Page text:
When I saw The Immigrant in theaters on the first day of its theatrical run in Dallas, I was overwhelmed, overjoyed, and terribly moved. I saw it again a few days later and afterwards could think of no reason not to join the semi-cult of movie lovers and movie makers that consider it a masterpiece, a truly great film, one of the best in years, even (though to use the word cult in relation to such a refined, gorgeous, and classical piece of filmmaking almost seems belittling).
The only problem is that such an opinion isn't more widespread. It's not because the film is polarizing (almost everyone I know of who's actually seen it really likes it) but because not enough people have seen it. By now it's old news that though the film was a success in Europe last fall, American distributors were afraid of giving it a release in the states. The film came frighteningly close to a straight-to-DVD/VOD release, and even when it finally was rescued and released theatrically in May, the marketing was dreadful, leaving it mostly up to eager cinephiles to spread the word and get as many people to see it on the big screen (where it begs to be experienced) as possible.
However, out of nowhere, before it was even released on DVD, the movie showed up on Netflix monday, making it available for everyone. I saw it for a third time only to eagerly await seeing it a fourth. Unless you don't have Netflix, there's no excuse not to see it. At the very least, a viewer will know nothing of James Gray or why the movie plays like something so utterly out of touch with modern modes of storytelling, and yet they will still hopefully be emotionally involved with Ewa's (Marion Cotillard) journey and Bruno's (Joaquin Phoenix) complex relationship with her. At the most, one will know Gray as the great auteur that he is, catch the influences of Kazan, Visconti, silent cinema, opera, 19th century painting, and 1970s visual styles and still be baffled by the way it comes off as both utterly clear and completely opaque. "I've seen The Immigrant three times and I still don't know what it's about," writes Richard Brody in his review. It's not that the film is ambiguous (it has ambiguous elements, for sure, but for the most part it's got the directness of a Douglas Sirk film), but that it captures the ridges of the human emotional landscape that go far beyond New York, the 1920s, burlesque shows, and the American dream.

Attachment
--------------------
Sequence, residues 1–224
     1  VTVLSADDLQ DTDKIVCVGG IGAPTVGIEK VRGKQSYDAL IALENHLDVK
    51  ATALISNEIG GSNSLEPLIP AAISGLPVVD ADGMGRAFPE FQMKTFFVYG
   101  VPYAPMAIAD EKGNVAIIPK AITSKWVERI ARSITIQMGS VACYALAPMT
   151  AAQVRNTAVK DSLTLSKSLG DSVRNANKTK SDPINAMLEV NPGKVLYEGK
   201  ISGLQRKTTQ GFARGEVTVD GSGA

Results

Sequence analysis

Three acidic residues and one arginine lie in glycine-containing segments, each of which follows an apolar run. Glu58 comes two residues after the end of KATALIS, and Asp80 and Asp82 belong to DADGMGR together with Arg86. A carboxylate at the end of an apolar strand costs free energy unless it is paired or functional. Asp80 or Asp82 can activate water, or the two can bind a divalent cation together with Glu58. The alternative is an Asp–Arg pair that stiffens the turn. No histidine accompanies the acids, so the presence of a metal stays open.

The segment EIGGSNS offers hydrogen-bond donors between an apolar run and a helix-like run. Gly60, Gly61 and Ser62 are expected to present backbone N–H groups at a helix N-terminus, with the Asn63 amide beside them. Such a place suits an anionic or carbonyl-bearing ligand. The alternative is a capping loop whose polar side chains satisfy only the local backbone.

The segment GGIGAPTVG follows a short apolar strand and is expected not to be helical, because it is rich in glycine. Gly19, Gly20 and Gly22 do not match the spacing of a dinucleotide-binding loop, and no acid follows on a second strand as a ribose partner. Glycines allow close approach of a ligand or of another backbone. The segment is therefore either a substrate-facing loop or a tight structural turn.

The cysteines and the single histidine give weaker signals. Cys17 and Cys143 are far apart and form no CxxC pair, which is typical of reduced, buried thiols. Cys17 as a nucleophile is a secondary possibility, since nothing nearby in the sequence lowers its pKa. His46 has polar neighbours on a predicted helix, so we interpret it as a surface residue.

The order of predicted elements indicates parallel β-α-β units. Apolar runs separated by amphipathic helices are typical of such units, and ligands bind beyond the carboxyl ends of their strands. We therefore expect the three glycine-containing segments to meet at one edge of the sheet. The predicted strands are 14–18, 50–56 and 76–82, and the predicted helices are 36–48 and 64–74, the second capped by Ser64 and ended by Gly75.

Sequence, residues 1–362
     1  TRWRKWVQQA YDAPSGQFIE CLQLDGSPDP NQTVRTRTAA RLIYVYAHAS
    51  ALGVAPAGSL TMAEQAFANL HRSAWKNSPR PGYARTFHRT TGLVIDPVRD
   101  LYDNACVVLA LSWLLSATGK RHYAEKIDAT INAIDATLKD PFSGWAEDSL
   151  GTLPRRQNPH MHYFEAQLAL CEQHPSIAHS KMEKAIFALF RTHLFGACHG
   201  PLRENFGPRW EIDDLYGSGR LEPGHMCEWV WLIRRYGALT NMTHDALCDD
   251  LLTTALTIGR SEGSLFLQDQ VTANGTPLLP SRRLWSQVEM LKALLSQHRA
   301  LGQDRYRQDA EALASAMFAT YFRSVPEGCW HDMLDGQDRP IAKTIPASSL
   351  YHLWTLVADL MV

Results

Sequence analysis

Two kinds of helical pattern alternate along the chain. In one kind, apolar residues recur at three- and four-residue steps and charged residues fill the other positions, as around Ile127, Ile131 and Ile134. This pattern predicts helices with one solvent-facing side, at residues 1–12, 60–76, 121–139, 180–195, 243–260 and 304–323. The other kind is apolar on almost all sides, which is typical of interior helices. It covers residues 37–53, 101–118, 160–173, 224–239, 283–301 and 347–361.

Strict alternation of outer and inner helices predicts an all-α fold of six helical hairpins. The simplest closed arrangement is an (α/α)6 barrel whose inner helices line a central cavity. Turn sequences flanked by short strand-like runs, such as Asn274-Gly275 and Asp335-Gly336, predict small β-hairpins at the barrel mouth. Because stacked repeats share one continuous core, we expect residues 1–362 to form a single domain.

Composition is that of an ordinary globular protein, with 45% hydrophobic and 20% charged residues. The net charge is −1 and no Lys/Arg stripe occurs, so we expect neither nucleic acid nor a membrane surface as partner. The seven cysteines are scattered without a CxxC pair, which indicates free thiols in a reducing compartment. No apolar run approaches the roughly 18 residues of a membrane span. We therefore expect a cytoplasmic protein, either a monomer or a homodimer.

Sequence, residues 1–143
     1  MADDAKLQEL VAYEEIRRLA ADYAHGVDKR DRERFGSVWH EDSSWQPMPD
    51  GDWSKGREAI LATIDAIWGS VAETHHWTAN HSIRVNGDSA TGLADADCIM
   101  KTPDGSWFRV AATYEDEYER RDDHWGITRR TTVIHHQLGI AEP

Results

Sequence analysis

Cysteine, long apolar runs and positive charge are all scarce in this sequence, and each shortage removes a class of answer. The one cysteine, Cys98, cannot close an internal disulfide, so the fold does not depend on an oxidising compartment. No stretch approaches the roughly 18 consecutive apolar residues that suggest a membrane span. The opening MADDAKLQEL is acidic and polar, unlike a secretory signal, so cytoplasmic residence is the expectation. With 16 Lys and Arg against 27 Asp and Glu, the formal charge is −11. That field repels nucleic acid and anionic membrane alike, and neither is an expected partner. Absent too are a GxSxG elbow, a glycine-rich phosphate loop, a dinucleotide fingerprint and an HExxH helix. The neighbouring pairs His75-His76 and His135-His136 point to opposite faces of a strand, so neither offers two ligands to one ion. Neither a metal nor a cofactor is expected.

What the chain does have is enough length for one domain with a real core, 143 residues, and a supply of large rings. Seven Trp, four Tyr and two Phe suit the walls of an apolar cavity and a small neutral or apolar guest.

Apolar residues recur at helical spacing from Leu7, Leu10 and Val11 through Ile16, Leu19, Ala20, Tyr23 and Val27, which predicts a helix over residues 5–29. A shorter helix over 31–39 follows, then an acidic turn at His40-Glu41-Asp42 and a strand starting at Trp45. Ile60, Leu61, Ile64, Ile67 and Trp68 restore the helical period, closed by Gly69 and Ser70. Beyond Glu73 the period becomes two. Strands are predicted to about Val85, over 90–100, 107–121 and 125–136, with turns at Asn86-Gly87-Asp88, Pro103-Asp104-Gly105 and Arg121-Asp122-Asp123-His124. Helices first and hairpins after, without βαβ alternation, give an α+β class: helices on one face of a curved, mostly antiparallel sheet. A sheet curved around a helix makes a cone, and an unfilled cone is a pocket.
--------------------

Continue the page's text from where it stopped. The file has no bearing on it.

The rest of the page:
There hasn't been a truly great piece written on The Immigrant (though a handful really good ones) and I sure as hell don't feel qualified at this point to try and write one. Instead I've chosen a fragmentary approach in which for the next week I'll post something about the movie each day. It might be an analysis of a scene, a character, it might be an underdeveloped idea I'm wrestling with about the film, a look at the filmmaking or the acting in a certain scene, or it could just be an image I find especially stunning. It'll pretty much just be whatever I'm thinking about in The Immigrant on that particular day, because to be honest, that's sort of how the film has worked on me. It's such a massive thing in its entirety that I almost feel too overwhelmed to contemplate it as a whole. Rather I like to think about a scene, an image, a line of dialogue, a piece of music in the hope to work up a more complete and focused idea of the film. Someone wrote on Letterboxd that no one's written the great American novel yet, but James Gray went ahead and made a movie out of it anyway. It seems like a half-joking, half-serious statement, as if there's something almost inexplicable about this movie's existence, as if it came from nowhere but ended up being everything, and only because it's cinema.